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3) Caterpillar (CAT) presents itself as a bib overall, straw hat, work boot wearing, 'aw shucks,' rural Illinois company, much like the open pit miners and roustabouts who use their elephantine products. In reality, CAT is one of the slickest, most sophisticated multinationals selling, 70% of its wares to the harshest, most unforgiving corners of the globe, where sweaty, determined men rip things out of the ground for a living. That is why CAT is one of the few companies that I have followed on a bottom up basis for the last 35 years as a great 'tell' for the future course of all things I hold dear, like gold, silver, copper, iron ore, coal, and agriculture. In announcing his 53% drop in Q3 YOY earnings to $404 million, CEO Jim Owens made crystal clear that he is of the 'V' persuasion. He thinks a horrific -6.1% GDP quarter will be followed by two back to back 3%-4% quarters. Confidence is returning in the crucial growth markets in Asia, and rising commodity prices auger well for the future. Last year's melt down was so traumatic that the best companies in the world radically cut inventories, which now have to be rebuilt in a hurry. Owens sees starts in housing, another big market for the firm, recovering to the one million level next year because pent up demand is building, and affordability is at a 25 year high. The only doubts stem from the disturbing degree that this spending is accomplished with borrowed money here and around the world. Last February, I told you I would lay down on the nearest railroad tracks and let a train run over me if you didn't load up on CAT at $25 as a great indirect commodities play (click here ).  The big question now is whether Owens will put his money where his mouth is and hire new workers. Everything Owens says is incredibly bullish for energy and commodities of every flavor.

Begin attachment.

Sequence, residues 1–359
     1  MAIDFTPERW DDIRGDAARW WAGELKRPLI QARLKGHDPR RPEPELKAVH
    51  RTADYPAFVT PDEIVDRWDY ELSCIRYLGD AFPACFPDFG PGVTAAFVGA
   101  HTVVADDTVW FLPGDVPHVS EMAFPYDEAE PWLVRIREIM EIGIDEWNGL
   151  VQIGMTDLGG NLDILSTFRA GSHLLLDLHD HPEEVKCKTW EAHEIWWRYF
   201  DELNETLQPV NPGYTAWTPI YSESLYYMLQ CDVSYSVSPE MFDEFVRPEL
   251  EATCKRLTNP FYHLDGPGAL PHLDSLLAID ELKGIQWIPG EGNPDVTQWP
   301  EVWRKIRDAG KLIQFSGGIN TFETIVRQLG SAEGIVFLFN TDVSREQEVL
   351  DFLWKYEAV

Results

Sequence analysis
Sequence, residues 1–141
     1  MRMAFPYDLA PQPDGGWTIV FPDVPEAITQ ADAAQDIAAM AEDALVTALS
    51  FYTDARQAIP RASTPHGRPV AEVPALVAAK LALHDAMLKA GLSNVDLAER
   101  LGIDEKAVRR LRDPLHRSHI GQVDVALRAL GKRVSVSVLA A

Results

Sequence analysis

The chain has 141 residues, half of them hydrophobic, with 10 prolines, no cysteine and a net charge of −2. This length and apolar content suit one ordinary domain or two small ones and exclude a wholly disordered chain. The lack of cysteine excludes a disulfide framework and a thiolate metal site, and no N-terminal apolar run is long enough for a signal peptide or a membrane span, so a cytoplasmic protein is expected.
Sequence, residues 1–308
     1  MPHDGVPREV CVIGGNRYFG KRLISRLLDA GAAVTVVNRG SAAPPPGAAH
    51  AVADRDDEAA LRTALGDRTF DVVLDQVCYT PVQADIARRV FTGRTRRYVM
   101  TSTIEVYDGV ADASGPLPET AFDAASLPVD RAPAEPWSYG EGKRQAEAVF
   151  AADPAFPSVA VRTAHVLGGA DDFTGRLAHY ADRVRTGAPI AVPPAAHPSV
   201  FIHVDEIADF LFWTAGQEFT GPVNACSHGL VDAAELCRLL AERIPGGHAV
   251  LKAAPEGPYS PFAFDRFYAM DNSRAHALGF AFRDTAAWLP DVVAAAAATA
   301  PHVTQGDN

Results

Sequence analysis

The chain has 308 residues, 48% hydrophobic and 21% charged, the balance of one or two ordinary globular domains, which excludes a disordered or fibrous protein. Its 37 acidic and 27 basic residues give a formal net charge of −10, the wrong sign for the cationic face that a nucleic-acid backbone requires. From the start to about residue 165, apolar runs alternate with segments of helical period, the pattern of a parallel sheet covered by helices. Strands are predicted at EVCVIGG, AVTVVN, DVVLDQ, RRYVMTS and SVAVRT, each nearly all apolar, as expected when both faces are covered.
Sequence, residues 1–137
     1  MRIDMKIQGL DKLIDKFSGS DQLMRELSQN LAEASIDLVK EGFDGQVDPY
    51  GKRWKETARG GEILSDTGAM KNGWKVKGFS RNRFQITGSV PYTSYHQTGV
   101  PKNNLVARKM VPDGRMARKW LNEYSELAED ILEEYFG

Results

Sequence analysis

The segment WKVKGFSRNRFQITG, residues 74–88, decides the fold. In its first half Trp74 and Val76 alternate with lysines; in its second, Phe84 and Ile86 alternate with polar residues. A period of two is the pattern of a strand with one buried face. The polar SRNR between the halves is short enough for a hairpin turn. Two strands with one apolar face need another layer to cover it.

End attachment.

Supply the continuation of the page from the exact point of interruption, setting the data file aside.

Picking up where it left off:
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4) I am frequently asked where I find my best sources of market intelligence. Well here they are: Saturday Night Live, The Colbert Report, The Onion, and The Daily Show With Jon Stewart. How else would I know that Jim Cramer argued vociferously that Bear Stearns wouldn't go under, a week before it croaked, or that Dora the Explorer had been appointed to the Supreme Court? For a great example of Stewart's astute analysis, click here for his take on the Goldman Sachs (GS) earnings. I've seen my trading performance improve significantly when I keep the Comedy Channel on all day, instead of CNBC, which has degenerated into a wearisome series of softball questions and an endless infomercial for its owner, General Electric (GE). And now I hear it's for sale. I though the 'cash for clunkers' program had ended. If you can't have a sense of humor about this business, it's time to retire.

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'The rate of profit is always highest in the countries that are going fastest to ruin,' said Adam Smith, on the dangers of 'overtrading' in The Wealth of Nations.